A recent prospective cohort study showed that smokers do not stand any higher of a chance to quit smoking by using replacement products than if they stopped cold turkey. The chance of taking up smoking again did not seem to be any lower in those using cigarette replacement products than in people who had quit using nothing. Patches and gum seem to lend no assistance to smokers who were trying to quit. In addition, those who also received counseling by a health professional in conjunction with the stop smoking aids were also unaffected by the products.
The biggest problem for people who have quit smoking is eventual relapse and the study showed that the stop smoking aids offered no help in that area. People who relapsed after quitting smoking on their own and people who had used these products were about the same in number. This has raised major doubts in the medical community regarding the use of these cessation medications. These aids have been sold over the counter for almost two decades and have been suggested by the Department of Health and Human Services for just as long. This was based on data received in very short term studies performed at the onset of the product releases.
The decline in the amount of people who actually smoke has evened out after the past several years. However, the ratio of people who have quit smoking as compared to those who have never started has remained quite the same over the years that stop smoking aids have been available. The recent study involved phone interviews of about 6,800 adults over a two year period, conducted in Massachusetts.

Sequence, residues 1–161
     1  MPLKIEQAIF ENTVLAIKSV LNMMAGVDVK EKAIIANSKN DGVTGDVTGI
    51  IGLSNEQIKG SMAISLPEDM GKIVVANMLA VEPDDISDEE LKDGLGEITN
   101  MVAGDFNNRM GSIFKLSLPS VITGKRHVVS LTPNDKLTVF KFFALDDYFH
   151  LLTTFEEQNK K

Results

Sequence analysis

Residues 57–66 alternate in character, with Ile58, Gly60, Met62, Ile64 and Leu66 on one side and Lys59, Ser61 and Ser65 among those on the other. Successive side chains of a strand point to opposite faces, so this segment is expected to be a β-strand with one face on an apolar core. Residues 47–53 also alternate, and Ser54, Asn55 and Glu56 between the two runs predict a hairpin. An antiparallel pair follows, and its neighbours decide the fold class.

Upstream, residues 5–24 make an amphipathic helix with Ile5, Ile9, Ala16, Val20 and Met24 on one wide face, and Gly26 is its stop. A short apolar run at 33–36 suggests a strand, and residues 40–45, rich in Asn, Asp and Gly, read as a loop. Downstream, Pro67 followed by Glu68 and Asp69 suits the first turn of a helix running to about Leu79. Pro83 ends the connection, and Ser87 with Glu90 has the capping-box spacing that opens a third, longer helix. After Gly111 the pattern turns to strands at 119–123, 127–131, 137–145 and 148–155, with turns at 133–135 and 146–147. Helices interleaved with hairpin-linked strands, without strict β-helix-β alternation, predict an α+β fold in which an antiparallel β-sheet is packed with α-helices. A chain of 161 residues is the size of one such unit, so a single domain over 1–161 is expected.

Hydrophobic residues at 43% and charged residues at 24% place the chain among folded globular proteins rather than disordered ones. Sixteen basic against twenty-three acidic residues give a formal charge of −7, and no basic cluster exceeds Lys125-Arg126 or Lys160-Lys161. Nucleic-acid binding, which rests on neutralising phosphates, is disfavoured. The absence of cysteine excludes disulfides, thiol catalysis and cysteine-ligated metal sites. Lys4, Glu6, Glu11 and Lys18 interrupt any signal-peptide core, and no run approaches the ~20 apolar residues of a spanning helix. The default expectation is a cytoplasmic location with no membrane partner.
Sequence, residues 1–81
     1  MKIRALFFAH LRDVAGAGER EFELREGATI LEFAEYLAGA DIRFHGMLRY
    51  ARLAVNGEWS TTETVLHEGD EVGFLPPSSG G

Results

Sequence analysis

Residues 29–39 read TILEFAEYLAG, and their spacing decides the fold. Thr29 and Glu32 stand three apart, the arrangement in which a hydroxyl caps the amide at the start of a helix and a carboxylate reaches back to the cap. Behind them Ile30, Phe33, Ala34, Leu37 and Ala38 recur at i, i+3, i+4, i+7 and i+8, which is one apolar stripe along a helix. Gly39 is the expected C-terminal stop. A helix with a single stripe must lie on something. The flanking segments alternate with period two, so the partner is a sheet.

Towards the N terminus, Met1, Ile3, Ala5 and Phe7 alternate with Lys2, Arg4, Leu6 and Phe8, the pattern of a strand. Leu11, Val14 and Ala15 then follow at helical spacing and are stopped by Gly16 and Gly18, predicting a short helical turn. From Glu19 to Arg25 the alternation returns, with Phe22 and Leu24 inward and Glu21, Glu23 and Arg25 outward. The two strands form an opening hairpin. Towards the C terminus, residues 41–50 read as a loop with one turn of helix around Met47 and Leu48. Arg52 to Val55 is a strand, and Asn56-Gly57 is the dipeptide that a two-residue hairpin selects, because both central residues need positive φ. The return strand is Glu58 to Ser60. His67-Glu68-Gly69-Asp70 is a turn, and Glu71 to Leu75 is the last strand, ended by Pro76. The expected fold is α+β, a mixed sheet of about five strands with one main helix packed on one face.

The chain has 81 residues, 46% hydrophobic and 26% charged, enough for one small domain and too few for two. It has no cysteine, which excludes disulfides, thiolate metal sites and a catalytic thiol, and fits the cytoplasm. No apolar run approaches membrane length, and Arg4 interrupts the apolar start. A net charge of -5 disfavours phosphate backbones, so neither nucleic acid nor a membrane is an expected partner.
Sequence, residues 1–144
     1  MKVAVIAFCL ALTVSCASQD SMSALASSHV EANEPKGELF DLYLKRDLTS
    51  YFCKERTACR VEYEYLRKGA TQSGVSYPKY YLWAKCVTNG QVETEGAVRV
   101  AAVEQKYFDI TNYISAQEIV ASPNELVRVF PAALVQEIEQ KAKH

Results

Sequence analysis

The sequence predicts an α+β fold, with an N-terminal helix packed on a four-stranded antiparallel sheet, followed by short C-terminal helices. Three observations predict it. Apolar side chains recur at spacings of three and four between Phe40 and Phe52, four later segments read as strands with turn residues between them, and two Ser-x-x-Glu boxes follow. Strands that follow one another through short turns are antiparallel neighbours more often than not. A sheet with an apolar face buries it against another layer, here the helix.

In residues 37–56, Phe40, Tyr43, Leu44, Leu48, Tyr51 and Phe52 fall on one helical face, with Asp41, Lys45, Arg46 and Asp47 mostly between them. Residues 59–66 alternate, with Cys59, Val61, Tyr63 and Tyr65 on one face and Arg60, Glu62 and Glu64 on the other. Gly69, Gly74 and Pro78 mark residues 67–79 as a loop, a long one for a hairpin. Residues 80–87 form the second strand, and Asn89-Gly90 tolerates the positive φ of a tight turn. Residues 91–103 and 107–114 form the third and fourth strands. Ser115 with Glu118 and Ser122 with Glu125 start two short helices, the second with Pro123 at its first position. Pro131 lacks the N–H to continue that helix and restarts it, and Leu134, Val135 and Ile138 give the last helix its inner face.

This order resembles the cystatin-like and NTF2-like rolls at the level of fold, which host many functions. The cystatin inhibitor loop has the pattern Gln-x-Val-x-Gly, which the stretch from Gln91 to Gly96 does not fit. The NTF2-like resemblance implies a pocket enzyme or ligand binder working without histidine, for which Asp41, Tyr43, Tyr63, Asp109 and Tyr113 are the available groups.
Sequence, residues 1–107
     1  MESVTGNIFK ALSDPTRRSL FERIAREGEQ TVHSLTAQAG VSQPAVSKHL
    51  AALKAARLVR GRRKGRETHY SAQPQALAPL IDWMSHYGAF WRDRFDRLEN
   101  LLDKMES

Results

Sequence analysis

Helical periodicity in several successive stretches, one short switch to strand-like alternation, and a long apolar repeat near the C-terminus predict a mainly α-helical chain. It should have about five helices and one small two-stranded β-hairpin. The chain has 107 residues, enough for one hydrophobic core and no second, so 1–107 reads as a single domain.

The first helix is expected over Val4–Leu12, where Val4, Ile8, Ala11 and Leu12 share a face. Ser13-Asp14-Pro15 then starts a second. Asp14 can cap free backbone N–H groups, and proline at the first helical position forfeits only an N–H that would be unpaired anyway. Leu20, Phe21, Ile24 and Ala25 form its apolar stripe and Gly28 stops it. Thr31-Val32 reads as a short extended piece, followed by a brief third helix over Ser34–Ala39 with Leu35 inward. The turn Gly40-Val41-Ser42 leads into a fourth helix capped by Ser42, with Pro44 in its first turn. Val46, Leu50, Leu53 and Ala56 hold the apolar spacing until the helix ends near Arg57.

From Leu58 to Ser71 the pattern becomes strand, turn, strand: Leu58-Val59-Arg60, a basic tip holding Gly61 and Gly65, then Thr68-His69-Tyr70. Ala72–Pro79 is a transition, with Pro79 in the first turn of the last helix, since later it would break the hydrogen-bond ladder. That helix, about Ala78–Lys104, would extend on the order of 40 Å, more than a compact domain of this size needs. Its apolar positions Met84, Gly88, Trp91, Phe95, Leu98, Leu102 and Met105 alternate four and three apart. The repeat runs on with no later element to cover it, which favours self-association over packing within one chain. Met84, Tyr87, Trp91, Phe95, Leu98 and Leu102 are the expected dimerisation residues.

During the first interviews that occurred from 2001 to 2002, over 750 people said they had quit smoking at some point during the past two years. However, these people were revisited in the years of 2003 through 2004 and some 60% had relapsed. Additionally, 68% of those people who had been interviewed again during the second round reported that they were now smokers again. Only 22% of these people had claimed the use of stop smoking aids for a period of 6 weeks or less; 7 and a half percent for longer than 6 weeks.
Upon further research the risk of relapse was significantly higher in those individuals who had smoked heavily and for a good number of years and had received no help from professionals. Heavy smokers were defined in the study by those who had reported smoking their first cigarette of the day within thirty minutes of rising and who smoked at least one pack a day.
The lowest risk of smoking relapse was found in people who had remained cigarette free for at least six months. In both of these groups, there seemed to be no data to suggest that smoking cessation medications had an impact on the numbers at all. The biggest number of people found who had quit smoking permanently had been in people who had smoked for less than 5 years of their lives.